Union bid to force Blair to obey party conference

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Indy Politics

The rift between Labour's leaders and Britain's biggest unions will deepen this week when one of the party's biggest affiliates demands a system to force the Government to adopt Labour policies.

The rift between Labour's leaders and Britain's biggest unions will deepen this week when one of the party's biggest affiliates demands a system to force the Government to adopt Labour policies.

Furious over the Government's defiance of party decisions, leaders of Unison, the public service union with 1.2 million members, will call for a fundamental review of Partnership in Power, Labour's policy-making process.

The resolution, which is expected to be passed at Unison's political conference in Glasgow this weekend, could surface at the Labour national assembly in the autumn, where it would almost certainly attract majority backing among delegates. Unison, which moved the motion establishing Partnership in Power after the 1997 election victory, is angry over the Cabinet's failure to abide by the only two decisions at the annual party conference that went against the wishes of ministers. One resolution urged the Government to ensure state pensions were linked to earnings; the other demanded an inquiry into the private finance initiative (PFI).

Unions believe the Prime Minister's prosecution of the Iraq war is deeply unpopular with much of the party and will ensure considerable support for any rebellion against the Government in the autumn. However, it is understood that Unison's anger is more specifically targeted at the Chancellor, Gordon Brown, and Alan Milburn, the Secretary of State for Health.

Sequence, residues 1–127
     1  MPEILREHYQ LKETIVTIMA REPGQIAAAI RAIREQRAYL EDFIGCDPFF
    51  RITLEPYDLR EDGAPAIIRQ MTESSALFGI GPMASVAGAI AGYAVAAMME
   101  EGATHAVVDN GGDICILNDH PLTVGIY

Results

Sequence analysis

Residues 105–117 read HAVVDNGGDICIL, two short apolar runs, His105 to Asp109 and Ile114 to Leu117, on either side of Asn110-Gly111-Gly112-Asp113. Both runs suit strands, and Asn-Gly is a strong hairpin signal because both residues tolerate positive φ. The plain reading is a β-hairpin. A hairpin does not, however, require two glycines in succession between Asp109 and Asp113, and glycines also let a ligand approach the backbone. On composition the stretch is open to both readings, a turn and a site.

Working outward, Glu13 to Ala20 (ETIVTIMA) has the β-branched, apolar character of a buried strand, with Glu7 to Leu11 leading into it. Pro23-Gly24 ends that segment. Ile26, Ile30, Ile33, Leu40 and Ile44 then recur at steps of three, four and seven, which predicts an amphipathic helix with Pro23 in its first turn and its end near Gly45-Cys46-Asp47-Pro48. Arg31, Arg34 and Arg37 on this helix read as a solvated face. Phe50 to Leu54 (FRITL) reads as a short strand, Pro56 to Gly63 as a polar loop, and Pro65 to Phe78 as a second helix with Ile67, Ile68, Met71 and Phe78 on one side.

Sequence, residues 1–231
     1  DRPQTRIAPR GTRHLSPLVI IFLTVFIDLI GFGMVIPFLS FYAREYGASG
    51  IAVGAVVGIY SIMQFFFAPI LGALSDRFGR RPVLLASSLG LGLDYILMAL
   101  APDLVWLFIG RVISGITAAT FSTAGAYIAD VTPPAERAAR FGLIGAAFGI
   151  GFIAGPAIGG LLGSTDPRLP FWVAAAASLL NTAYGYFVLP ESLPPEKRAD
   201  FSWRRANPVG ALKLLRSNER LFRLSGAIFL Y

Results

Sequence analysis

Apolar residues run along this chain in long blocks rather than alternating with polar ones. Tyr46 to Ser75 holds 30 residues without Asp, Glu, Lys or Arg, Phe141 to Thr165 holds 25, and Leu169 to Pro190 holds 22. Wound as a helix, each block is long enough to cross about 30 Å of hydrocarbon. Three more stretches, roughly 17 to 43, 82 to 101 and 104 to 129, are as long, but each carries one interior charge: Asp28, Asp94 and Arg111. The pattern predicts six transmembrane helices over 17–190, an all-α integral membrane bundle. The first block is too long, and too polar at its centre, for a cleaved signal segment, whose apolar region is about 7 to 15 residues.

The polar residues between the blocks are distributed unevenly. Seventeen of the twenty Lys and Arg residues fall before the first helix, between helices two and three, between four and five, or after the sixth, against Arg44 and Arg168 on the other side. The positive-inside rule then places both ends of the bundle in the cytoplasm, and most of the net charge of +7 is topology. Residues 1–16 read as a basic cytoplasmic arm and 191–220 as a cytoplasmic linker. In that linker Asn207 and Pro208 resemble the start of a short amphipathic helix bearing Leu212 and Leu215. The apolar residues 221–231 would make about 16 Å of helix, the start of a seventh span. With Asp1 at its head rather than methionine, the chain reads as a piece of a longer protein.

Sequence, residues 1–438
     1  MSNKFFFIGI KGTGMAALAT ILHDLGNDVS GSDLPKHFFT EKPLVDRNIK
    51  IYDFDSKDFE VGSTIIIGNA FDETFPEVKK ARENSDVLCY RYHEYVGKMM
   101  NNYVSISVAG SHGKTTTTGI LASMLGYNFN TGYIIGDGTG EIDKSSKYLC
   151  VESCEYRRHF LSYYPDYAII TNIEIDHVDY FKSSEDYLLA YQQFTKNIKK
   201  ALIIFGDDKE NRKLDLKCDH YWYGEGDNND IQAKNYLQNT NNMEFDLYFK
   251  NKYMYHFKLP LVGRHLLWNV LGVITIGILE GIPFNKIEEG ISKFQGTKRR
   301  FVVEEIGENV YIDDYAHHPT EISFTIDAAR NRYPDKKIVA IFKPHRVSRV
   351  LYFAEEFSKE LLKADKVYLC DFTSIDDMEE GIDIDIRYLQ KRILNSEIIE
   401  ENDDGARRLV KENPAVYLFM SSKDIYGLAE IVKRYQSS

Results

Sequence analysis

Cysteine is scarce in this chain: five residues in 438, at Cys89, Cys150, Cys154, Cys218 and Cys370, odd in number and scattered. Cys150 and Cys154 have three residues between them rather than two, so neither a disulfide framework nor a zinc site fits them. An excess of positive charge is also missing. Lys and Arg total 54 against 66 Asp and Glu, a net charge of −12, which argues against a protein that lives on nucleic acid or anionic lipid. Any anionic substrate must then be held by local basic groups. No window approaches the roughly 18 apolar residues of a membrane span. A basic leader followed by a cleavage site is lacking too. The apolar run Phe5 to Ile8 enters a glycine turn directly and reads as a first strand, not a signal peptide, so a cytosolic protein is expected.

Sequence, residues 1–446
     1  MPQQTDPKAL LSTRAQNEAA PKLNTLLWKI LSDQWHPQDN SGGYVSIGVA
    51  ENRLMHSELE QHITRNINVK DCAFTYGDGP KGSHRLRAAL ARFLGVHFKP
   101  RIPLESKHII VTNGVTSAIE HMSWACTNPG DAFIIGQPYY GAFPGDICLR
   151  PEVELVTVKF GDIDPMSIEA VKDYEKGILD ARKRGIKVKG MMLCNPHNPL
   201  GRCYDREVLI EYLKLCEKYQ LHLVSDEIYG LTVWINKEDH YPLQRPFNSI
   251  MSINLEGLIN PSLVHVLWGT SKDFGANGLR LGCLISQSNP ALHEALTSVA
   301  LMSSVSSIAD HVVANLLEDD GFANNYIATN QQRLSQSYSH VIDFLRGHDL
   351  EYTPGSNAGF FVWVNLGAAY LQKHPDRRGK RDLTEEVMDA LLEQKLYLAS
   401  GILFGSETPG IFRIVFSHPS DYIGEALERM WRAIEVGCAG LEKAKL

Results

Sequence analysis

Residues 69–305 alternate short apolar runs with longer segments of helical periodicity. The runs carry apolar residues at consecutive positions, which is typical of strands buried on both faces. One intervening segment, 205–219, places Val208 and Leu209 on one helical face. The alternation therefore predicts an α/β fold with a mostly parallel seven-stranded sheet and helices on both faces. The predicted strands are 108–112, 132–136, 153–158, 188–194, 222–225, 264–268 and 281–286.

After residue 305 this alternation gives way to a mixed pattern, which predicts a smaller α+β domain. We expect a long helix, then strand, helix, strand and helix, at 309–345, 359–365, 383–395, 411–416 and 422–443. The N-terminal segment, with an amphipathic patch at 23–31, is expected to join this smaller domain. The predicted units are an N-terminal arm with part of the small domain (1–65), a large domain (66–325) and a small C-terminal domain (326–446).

Mr Brown has angered Labour Party activists by refusing to countenance adjustments to documents that he submits to national and regional policy forums – the system established by Partnership in Power.

The Unison policy forum this weekend is expected to endorse a resolution noting that party membership is still falling and that there is declining interest in taking part in the policy-making process.

The proposition argues that "mechanisms for ensuring that Labour administrations and elected representatives keep in step with views in the party are not working effectively". A spokesman for the union said: "We want the system to work and it is not working sufficiently well at the moment."

While falling short of a threat to withdraw financial support from constituencies where Labour MPs fail to endorse Unison policy, the motion urges the union's political leaders to "encourage" MPs to back Unison policies "even when these are not those of the party leadership".

The resolution calls for a review of Partnership in Power but concedes that there should be no return to the old system, whereby policies were decided by compromises cobbled together at the last minute on the floor at the party conference. The present structure allows policies to be considered at length so that submissions can be sought from a wide variety of sources.

Meanwhile, a battle will begin in earnest today for the political soul of the Transport and General Workers' Union – another important Labour affiliate. The union's members have begun to receive ballot forms in the election to replace Bill Morris as the union's general secretary. The two frontrunners are the left-winger Tony Woodley, the present deputy general secretary, and Jack Dromey, a national official and husband of the Solicitor General, Harriet Harman.

Mr Dromey called yesterday for a national summit on linking pensions to earnings.

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